The top of the latest New York Times best-seller list features a legal thriller involving suicide and racial strife, a novel centering on a suddenly orphaned boy, and a murder mystery involving two unhappily married women. That's not exactly warm and fuzzy subject matter, but according to one study, the books we read are about to get even darker.
The study, from researchers in the United Kingdom, finds that books' moods correlate strongly with society's economic mood. The researchers created a "literary misery index" by searching Google book data over the years for both sad words ("self-pity," "melancholy," "demoralized," for example) and happy words ("triumph," "gusto," "exuberantly"). That index matched closely with an "economic misery index" that tracks both unemployment and inflation, but with a lag of roughly a decade.
In the below chart, the literary misery index (LM) is shown against a 10-year moving average of the economic misery index (EM).
The results transcend language as well; researchers found similar results, likewise with a decade-long lag, in German books. That specific 10-year gap surprised one author.
"For me, the most surprising finding was that it was specifically a decade moving average of economic misery – not four years, say, or fifteen, but ten or eleven years – that correlates so well with literary misery, in both English and German," says Alex Bentley, a professor at the University of Bristol and the study's lead author, in an email to U.S. News.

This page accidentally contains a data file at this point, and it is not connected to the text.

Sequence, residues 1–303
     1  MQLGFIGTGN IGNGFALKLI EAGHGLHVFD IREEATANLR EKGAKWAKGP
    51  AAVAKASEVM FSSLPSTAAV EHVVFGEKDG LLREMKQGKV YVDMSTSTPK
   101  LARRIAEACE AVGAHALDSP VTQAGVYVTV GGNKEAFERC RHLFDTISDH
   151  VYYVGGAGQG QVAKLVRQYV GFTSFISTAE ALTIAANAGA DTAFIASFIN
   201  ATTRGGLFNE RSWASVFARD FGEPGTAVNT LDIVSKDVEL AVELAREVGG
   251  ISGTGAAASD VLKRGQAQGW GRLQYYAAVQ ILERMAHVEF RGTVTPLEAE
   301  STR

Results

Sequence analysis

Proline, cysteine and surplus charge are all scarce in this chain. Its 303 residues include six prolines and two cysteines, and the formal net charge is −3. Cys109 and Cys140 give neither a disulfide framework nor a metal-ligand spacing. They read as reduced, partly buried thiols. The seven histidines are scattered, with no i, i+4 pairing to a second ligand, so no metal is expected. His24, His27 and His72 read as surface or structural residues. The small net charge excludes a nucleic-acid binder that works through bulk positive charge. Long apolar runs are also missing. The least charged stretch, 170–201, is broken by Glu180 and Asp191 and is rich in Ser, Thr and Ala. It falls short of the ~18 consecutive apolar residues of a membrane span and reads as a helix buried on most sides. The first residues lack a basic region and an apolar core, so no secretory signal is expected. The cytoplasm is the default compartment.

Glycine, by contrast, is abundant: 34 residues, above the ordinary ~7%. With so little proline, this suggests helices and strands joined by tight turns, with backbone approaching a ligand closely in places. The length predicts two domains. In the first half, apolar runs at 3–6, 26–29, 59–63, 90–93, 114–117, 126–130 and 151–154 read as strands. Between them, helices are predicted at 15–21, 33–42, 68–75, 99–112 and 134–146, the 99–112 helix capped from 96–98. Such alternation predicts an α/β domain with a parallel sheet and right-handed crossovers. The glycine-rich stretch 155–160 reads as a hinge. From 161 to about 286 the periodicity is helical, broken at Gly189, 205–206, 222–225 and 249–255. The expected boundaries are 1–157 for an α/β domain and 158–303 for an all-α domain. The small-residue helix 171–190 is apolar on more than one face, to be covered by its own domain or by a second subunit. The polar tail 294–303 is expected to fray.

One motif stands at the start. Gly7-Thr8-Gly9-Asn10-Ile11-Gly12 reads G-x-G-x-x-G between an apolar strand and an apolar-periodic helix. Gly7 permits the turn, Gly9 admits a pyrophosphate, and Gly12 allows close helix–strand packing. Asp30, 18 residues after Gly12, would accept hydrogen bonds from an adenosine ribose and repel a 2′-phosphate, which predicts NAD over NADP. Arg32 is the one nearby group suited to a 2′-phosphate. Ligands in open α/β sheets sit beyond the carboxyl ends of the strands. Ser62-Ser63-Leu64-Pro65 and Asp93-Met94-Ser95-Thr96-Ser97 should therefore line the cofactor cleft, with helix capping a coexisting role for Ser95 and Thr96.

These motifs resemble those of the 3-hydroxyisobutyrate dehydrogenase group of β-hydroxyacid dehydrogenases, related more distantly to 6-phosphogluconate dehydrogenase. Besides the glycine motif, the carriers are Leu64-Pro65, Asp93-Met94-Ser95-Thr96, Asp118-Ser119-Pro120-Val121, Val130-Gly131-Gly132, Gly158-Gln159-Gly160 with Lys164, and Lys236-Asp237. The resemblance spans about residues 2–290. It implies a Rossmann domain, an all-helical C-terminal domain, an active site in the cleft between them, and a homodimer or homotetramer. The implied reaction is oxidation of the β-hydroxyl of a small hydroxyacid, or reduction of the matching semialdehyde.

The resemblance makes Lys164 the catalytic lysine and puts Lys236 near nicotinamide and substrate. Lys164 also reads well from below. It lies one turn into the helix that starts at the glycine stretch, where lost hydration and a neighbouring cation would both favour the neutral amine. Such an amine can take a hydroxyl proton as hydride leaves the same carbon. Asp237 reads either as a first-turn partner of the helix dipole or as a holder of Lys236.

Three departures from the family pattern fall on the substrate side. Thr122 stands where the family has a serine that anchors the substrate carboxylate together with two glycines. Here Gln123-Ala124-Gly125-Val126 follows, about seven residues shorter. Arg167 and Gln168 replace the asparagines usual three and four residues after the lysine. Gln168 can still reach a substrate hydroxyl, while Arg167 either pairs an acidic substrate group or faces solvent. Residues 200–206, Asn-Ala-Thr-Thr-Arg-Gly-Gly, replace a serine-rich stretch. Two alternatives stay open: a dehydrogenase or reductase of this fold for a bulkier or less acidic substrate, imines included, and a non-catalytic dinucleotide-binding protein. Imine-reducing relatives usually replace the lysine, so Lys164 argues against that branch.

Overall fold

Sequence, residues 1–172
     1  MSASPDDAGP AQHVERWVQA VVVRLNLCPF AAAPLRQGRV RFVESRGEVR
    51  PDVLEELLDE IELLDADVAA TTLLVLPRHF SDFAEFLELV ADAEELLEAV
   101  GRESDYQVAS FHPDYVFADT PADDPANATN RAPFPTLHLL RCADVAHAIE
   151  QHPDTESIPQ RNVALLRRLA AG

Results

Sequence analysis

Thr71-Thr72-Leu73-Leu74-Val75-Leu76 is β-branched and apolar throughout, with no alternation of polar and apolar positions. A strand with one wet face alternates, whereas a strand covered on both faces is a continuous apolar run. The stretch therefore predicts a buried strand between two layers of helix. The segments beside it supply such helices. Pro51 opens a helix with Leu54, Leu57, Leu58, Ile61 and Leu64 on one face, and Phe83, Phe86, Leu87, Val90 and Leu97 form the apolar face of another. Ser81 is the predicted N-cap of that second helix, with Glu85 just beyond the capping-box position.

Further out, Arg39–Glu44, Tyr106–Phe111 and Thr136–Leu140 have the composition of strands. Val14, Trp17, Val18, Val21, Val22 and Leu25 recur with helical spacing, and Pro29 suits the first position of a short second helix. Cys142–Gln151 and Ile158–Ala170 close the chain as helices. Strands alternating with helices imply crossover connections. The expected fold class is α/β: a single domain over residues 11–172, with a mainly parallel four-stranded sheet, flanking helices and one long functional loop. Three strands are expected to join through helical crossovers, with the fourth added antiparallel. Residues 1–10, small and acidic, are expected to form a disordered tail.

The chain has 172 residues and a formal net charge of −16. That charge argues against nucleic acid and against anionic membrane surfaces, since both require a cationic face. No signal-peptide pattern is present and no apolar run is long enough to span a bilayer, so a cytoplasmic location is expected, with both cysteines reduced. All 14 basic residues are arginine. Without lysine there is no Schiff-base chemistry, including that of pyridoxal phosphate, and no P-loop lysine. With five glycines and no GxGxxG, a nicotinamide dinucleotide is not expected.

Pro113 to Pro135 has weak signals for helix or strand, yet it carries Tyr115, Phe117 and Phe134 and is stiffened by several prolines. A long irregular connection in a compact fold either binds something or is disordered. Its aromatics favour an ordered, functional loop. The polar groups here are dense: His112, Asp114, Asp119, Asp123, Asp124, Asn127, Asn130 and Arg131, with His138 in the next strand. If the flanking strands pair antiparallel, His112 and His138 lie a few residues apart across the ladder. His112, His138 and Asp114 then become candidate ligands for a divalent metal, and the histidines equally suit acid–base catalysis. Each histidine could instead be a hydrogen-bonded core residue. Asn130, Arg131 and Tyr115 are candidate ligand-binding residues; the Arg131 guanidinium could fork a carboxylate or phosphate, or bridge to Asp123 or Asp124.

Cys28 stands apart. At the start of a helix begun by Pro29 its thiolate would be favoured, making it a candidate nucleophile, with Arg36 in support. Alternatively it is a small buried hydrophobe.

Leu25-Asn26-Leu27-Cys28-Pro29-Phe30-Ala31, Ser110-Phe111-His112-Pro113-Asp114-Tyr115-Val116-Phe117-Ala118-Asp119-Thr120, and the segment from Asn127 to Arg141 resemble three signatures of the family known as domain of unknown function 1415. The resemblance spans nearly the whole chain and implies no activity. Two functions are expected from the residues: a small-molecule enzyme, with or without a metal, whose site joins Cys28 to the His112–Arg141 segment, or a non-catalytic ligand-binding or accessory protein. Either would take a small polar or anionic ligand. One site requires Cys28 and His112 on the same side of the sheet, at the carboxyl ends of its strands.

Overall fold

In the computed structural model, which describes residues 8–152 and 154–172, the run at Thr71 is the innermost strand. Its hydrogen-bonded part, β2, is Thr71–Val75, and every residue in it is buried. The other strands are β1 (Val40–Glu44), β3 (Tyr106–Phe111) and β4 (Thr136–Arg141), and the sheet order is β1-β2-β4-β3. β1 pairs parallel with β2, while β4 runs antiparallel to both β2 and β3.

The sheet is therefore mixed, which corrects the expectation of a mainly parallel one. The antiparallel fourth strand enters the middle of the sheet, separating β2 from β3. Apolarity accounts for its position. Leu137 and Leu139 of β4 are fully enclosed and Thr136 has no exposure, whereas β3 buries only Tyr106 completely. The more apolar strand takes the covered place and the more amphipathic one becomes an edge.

For example, when looked at without the 10-year moving average, economic misery hit a peak in the early 1930s, at the height of the Great Depression, books hit peak misery in the early 1940s. Likewise, the economic turmoil of the 1970s and early 1980s doesn't appear to have hit books until the mid-1980s.
Though one can find individual examples of art mirroring economic life – 1939's "The Grapes of Wrath," is one example, having come a decade after the 1929 stock market crash – Bentley says that individual books as responses to the economy are not the point here. While novelists might decide to write directly about characters in an economic crisis, for example, novels are only around 10 percent of the total book sample. Rather, what is more fascinating is that the massive population of books as a whole mirrors the macroeconomy, he says.
"This is not about individual novelists; it's about a statistical pattern at the population scale that no one could be individually aware of: the normalised (sic) frequencies of words in books reflects the moving average of a population scale economic index," says Bentley.
All of which may signal that, come 2018, we should all brace ourselves for a wave of excruciatingly depressing best-sellers.